Out and about foodie, Quick Meals

In praise of Squash

  
The squash family are very much in season at the moment; whether it be the familiar Butternut, the inelegant Onion Squash, the Turk’s Turban or the versatile Spaghetti Squash – and those are just a few – squash is both nutritious and surprisingly tasty and for those low-carb devotees contains only 8g per 100g. 

   
  Gloucestershire grown Squash from www.overfarmmarket.co.uk

 
Each variety is very different in taste, and there are so many ways to enjoy them. Classically, a good first dip into the world of the Squash is with a soup. Butternut Squash soup makes a lovely light lunch choice – and is surprisingly sustaining.

Autumn Spiced Butternut Squash Soup

Serves 6-8

Peel and dice one 1kg Butternut squash, making sure to scoop out the seeds

Fry one large onion  in 30g unsalted butter until the onion becomes translucent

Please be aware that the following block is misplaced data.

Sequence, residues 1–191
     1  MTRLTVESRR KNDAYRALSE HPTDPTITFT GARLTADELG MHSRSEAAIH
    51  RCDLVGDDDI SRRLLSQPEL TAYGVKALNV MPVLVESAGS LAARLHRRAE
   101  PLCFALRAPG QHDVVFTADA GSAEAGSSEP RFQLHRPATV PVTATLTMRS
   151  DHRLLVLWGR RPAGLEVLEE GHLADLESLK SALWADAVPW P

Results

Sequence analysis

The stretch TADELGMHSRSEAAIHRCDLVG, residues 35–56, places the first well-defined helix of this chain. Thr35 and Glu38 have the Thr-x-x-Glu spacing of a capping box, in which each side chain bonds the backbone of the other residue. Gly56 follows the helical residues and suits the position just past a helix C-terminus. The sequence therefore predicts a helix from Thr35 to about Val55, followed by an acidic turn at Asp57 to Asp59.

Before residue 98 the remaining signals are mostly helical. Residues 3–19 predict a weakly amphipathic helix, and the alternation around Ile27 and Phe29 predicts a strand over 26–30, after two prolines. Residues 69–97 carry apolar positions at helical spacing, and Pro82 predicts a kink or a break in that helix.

Add one small diced chilli, 1/2 tsp cumin, 1/2 tsp turmeric and stir in the butternut squash 

Make up 1 litre of chicken or vegetable stock (I use the gel pots) as directed and pour over the vegetables

Cover and reduce the heat, cooking for about 30minutes until the squash is very soft

Remove from the heat and blend with a stick blender or blender

Season to taste – if the soup is a little thick add a little more stock, if it is too thin reduce over a medium heat 

Serve sprinkled with some freshly chopped coriander and finely diced chilli – some wholemeal Indian flatbread eats very well with this soup 

Today, for lunch, I had a bit of a leftovers moment. I roasted some chunks of Onion squash, with the skin left on, with olive oil and a little salt and pepper, once they began to soften I added chunks of ripe fig and a drizzle of local honey. Serving as I salad, I drizzled with the caramelised figgy honey juice and topped with some small pieces of Bleu d’Affinois – a very mild French blue-rinded cheese (had I had some Welsh blue Perl Las www.cawscenarth.co.uk it could have been even more local). This melted beautifully in the soft buttery squash whilst the fig lifted the flavour and offered an autumnal decadence to the very simple dish.

  
 

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